As I've said before, the only way the Dvils could truly have been a destination for more casual fans would have been if the new arena got built in Hoboken.  A lot of young professionals, including a lot of people originally from outside of the area that didn't have an allegiance to one of the other local teams, live there.  It's easily accessible from Manhattan, and the rest of NJ.  And people actually hang out in Hoboken, just because. 

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20 years ago Hoboken was a sh!thole. Everyone seems to forget that.

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I only skimmed the article, so it might have addressed this, but if this plan has any chance of success it has to focus on NJ based businesses.  The big companies across the river are going to take their clients to the Garden or even Barclays every time.  That means none of the big investment banks, law firms, etc, that tend to spend a lot of money on pricey seats to sporting events.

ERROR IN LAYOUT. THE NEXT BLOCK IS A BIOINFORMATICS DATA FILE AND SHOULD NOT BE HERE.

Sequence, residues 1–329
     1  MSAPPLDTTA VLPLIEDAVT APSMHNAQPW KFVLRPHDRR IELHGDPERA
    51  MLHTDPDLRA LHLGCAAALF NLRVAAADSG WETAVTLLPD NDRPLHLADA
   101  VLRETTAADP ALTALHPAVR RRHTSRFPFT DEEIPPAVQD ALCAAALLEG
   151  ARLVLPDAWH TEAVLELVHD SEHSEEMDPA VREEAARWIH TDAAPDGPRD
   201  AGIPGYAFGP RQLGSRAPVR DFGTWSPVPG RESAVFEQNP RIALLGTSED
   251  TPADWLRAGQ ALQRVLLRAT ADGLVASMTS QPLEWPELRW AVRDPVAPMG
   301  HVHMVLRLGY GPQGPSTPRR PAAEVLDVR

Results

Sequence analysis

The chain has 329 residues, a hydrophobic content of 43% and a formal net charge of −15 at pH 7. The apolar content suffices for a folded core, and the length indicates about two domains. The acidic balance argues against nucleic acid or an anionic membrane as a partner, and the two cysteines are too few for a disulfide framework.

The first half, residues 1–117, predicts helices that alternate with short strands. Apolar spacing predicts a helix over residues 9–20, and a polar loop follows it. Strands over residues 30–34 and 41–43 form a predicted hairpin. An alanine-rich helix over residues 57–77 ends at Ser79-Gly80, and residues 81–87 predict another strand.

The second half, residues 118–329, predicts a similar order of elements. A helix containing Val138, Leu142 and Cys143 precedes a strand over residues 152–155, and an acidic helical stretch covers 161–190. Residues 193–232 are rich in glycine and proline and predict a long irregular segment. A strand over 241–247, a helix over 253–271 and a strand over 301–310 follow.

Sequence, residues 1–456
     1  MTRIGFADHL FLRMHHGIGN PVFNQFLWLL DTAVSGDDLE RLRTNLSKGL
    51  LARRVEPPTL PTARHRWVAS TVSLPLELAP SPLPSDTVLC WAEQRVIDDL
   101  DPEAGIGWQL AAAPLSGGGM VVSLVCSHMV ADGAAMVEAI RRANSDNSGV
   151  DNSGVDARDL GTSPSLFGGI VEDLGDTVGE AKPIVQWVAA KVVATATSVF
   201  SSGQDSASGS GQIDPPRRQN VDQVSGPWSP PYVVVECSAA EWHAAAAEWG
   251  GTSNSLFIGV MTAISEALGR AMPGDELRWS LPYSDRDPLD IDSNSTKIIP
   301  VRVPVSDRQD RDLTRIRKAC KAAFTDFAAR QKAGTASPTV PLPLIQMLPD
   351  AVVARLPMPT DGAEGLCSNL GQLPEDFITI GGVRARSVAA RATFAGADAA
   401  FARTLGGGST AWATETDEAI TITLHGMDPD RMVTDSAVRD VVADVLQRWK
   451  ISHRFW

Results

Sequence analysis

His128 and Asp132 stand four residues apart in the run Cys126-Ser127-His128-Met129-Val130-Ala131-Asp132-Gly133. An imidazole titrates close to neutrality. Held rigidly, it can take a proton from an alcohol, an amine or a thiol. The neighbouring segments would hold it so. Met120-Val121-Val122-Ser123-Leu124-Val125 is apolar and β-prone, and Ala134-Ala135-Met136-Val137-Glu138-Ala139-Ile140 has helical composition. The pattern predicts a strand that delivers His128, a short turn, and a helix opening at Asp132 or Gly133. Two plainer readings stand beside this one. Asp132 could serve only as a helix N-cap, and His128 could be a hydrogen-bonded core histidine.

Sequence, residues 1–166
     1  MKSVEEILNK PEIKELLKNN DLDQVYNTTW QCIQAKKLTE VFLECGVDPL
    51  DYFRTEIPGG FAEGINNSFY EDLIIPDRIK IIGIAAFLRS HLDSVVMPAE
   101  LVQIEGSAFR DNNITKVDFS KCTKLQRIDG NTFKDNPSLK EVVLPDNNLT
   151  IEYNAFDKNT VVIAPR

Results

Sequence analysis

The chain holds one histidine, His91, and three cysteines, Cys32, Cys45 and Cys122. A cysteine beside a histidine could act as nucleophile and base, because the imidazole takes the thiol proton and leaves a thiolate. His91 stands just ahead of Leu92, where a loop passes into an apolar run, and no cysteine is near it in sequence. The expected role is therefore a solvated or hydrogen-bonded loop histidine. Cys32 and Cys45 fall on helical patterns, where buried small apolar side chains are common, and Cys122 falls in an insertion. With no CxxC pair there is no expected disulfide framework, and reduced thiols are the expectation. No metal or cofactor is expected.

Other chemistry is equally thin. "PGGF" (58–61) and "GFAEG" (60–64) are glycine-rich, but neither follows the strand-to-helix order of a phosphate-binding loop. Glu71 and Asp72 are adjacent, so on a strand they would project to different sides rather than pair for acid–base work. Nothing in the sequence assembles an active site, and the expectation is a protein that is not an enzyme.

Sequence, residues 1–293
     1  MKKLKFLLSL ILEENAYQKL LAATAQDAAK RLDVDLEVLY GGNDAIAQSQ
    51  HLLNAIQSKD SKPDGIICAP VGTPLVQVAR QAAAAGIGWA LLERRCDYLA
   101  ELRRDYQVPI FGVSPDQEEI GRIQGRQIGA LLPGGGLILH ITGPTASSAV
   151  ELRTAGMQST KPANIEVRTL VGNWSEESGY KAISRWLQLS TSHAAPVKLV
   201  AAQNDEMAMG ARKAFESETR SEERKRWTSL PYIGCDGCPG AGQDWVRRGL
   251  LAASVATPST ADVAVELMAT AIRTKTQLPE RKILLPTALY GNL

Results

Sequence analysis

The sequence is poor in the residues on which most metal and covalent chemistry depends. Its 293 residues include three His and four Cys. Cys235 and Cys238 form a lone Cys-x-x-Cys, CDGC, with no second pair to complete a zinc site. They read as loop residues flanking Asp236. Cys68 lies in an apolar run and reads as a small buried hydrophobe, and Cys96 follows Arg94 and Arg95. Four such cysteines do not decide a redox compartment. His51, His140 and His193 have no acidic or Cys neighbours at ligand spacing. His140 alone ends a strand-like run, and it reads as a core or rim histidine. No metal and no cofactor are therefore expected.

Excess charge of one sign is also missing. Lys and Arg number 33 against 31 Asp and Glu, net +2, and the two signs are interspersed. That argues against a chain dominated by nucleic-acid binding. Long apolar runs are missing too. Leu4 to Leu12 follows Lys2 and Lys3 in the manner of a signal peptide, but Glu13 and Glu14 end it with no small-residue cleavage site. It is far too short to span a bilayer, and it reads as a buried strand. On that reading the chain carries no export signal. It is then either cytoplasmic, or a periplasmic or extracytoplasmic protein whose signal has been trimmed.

I'm really skeptical this will ultimately work, or if it does, only marginally.  I'm sorry, but Newark has been dead for a while, and is never coming back.  If I owned a business, and could afford it, I would buy the pricey seats if I had enough clients that were actually Devils fans.  Otherwise, you can spruce up the surrounding area all you want, there are too many places to count where you would prefer to hang out over Newark.    If the Devils were the only hockey team the market, maybe, but obviously that's not the case.  

 

As I've said before, the only way the Dvils could truly have been a destination for more casual fans would have been if the new arena got built in Hoboken.  A lot of young professionals, including a lot of people originally from outside of the area that didn't have an allegiance to one of the other local teams, live there.  It's easily accessible from Manhattan, and the rest of NJ.  And people actually hang out in Hoboken, just because.